A timely, counterintuitive defense of Wall Street and the big banks as the invisible - albeit flawed - engines that power our ideas and should be made to work better for all of us.
Maybe you think the banks should be broken up and the bankers should be held accountable for the financial crisis in 2008. Maybe you hate the greed of Wall Street but know that it's important to the proper functioning of the world economy. Maybe you don't really understand Wall Street, and phrases such as credit default swap make your eyes glaze over. Maybe you are utterly confused by the fact that after attacking Wall Street mercilessly during his campaign, Donald Trump has surrounded himself with Wall Street veterans. But if you like your smartphone or your widescreen TV, your car or your morning bacon, your pension or your 401(k), then - whether you know it or not - you are a fan of Wall Street.
William D. Cohan is no knee-jerk advocate for Wall Street and the big banks. He's one of America's most respected financial journalists and the progressive best-selling author of House of Cards. He has long been critical of the bad behavior that plagued much of Wall Street in the years leading up to the 2008 financial crisis, and because he spent 17 years as an investment banker on Wall Street, he is an expert on its inner workings as well.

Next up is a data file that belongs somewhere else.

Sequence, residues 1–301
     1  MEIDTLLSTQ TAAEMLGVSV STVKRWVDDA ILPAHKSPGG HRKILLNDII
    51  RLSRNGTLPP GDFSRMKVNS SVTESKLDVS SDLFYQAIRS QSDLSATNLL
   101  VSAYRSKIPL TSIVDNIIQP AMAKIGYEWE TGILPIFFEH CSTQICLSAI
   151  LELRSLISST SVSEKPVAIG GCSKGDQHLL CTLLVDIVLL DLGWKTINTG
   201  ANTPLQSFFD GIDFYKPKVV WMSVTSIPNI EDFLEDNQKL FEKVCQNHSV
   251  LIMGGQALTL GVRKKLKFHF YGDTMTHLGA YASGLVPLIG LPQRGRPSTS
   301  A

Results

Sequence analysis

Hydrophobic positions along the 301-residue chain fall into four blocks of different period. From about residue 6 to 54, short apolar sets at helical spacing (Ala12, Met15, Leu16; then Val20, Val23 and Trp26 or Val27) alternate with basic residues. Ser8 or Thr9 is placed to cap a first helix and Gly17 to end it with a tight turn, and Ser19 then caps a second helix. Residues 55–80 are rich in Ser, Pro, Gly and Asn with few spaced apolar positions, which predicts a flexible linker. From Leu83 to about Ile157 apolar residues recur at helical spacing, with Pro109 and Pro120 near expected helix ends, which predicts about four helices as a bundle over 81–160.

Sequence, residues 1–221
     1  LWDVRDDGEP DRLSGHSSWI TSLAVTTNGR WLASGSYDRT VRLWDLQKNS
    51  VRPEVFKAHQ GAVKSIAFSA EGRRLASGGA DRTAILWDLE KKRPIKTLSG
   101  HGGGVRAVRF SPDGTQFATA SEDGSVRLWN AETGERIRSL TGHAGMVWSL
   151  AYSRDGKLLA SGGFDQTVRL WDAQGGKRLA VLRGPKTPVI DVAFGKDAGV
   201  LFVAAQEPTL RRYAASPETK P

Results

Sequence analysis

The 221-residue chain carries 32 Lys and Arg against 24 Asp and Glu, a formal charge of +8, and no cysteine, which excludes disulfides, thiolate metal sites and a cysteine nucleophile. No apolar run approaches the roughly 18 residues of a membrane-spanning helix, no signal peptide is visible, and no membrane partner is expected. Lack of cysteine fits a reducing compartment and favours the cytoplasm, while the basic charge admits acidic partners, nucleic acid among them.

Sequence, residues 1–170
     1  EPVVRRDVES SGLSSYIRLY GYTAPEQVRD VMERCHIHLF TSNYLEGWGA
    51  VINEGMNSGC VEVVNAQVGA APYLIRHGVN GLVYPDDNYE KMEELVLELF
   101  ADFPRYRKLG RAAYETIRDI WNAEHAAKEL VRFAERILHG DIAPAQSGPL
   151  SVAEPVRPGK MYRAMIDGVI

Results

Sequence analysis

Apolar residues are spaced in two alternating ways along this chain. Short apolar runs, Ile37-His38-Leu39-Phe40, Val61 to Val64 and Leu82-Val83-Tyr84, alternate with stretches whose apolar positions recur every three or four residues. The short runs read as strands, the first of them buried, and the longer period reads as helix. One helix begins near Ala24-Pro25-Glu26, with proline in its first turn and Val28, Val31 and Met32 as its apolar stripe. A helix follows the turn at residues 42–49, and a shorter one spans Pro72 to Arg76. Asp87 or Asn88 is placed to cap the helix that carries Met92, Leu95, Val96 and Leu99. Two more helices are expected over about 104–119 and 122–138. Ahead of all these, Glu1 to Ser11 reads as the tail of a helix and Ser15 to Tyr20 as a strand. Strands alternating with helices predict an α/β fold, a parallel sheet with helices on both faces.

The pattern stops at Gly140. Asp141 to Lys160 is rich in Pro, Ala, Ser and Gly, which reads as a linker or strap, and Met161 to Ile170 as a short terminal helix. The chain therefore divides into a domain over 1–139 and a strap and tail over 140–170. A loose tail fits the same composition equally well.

But in recent years he's become alarmed by the cheap shots and ceaseless vitriol directed at Wall Street's bankers, traders, and executives - the people whose job it is to provide capital to those who need it, the grease that keeps our economy humming. In this brisk, no-nonsense narrative, Cohan reminds us of the good these institutions do - and the dire consequences for us all if the essential role they play in making our lives better is carelessly curtailed.
"Cohan writes with an insider's knowledge of the workings of Wall Street, a reporter's investigative instincts and a natural storyteller's narrative command." (The New York Times)
"[Cohan is] one of our most able financial journalists." (Los Angeles Times)
"A former Wall Street man and a talented writer, [Cohan] has the rare gift not only of understanding the fiendishly complicated goings-on, but also of being able to explain them in terms the lay reader can grasp." (The Observer)
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An Inch Deep and A Mile Wide
Persons who feat that ultra-liberals might actually decide to do away with Wall Street altogether. Or persons who have no knowledge about what Wall Street does and why it might have some use.
Not only this book very superficial, poorly researched and poorly argued, it's a mile wide and an inch deep. Much of the book makes the author seem like a mouthpiece for Wall Street, rather than an analyst of it. Basically, his contention is that the big banks should not be broken back into commercial and investment banks because customers use the banks currently... as if that were proof that we shouldn't tamper with them. He also argues that it would be complicated to disentangle commercial operations from investment banking. He hates the Volker Rule and much of Dodd-Frank. His entire solution is, unbelievably, to have the banks self-police themselves against taking large risks by tying their personal net worth to the performance of the banks. In other words, require them to lose their net worth if the banks go under. Good luck with that.
None. It is non-fiction.
- Phillip Sheridan